We are also going to assume that our yield on cost remains stable at 4.37%. Because I am investing new money each year, I am going to assume my YOC remains stable. The return on new money will basically offset any dividend growth (6% or more) and reinvested dividends.

By the end of the second year, we will have potentially earned $446.55 in dividends – more than double last year! Say What???

Original Principle + Reinvested Dividends = $5,218.50
2nd Tax Refund Investment = $5,000
Average Yield on Cost = 4.37%

Dividend Income Year #2 = $446.55

Year #3

During year three we would continue to see growth, although not as big a percentage jump as between years one and two. This time around we would see just over 50% increase in dividend income – which is still awesome!

Our original principal balance totaled from years one and two ($10,665.05) plus the new tax refund money ($5,000) gives us over $15,000 in the market working for us!

Original Principle + Reinvested Dividends = $10,665.05
3rd Tax Refund Investment = $5,000
Average Yield on Cost = 4.37%

Dividend Income Year #3 = $684.56

Year #4

As we move into year four, the compound machine is rock-in and rolling! With over $21,000 invested in the stock market, we almost hit $1,000 in dividend income for the year but not quite. During year four, we would earn approximately $932.98 in dividends!

Original Principle + Reinvested Dividends = $16,349.61
4th Tax Refund Investment = $5,000
Average Yield on Cost = 4.37%

Dividend Income Year #4 = $932.98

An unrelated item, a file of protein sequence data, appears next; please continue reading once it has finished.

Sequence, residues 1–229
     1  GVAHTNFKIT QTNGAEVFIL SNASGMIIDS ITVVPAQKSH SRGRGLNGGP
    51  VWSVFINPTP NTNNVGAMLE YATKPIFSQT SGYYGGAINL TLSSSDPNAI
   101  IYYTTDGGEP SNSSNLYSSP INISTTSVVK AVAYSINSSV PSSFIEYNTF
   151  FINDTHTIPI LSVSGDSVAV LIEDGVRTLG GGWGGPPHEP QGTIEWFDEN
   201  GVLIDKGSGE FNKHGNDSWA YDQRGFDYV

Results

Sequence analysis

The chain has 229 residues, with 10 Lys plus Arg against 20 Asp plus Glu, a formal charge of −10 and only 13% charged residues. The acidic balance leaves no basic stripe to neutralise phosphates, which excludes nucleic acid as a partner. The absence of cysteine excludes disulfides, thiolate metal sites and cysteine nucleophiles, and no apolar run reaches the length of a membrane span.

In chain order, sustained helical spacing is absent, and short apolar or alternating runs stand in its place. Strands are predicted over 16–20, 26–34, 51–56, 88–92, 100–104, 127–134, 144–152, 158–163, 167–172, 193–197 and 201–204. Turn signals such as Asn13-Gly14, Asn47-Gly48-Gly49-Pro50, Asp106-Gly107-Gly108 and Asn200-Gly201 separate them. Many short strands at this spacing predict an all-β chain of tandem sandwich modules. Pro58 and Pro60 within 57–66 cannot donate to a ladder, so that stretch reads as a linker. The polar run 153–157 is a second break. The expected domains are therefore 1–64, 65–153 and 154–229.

That is a 36% increase in annual dividend income from the previous year.

Year #5

As we enter into year five, our dividend income stream created by investing our annual tax returns is in full gear. We now have over $27,000 working for us in the market from tax return money and reinvested dividends.

We finally break $1,000 in annual dividend income in the fifth year with $1,192.25 coming back to us in cash.

Original Principle + Reinvested Dividends = $22,282.59
5th Tax Refund Investment = $5,000
Average Yield on Cost = 4.37%

Dividend Income Year #5 = $1,192.25

Not Done Yet!

Did you think I could just stop at 5 years. Since my oldest son won’t even be in college in 5 years, why not extend it out to 7. That is when he would start college.

By year number seven, we have almost $40,000 working in the market for us. This is when things get really fun. During year seven, we would earn $1,745.28 in dividend income! That is a 46% increase in just 2 years.

Dividend Income Year #7 = $1,745.28

Since I like round numbers, lets see what happens at year ten. By that time, our second child will be getting ready to start college. The good thing is that our dividend income after year 10 would be $2,668.79!

Dividend Income Year #10 = $2,668.79

What if we held out to twenty years? At that point, we would have over $150,000 working hard for us in the stock market earning dividends.

Assuming we continued to invest $5,000 every year in tax return money for 20 years earning 4.37%, we would earn $6,762.07 in annual dividends!

Dividend Income Year #20 = $6,762.07

Final Thoughts

I enjoy playing around with these types of numbers. So what is a better way to invest? Use our tax return money to invest in our kids 529 plans? Or invest in blue chip stocks and build a dividend income producing machine?

Either option certainly has its benefits.

What do you suggest we do with our tax return money? Continue to invest in our kids college education? Or invest in the income producing machine known as dividend stocks?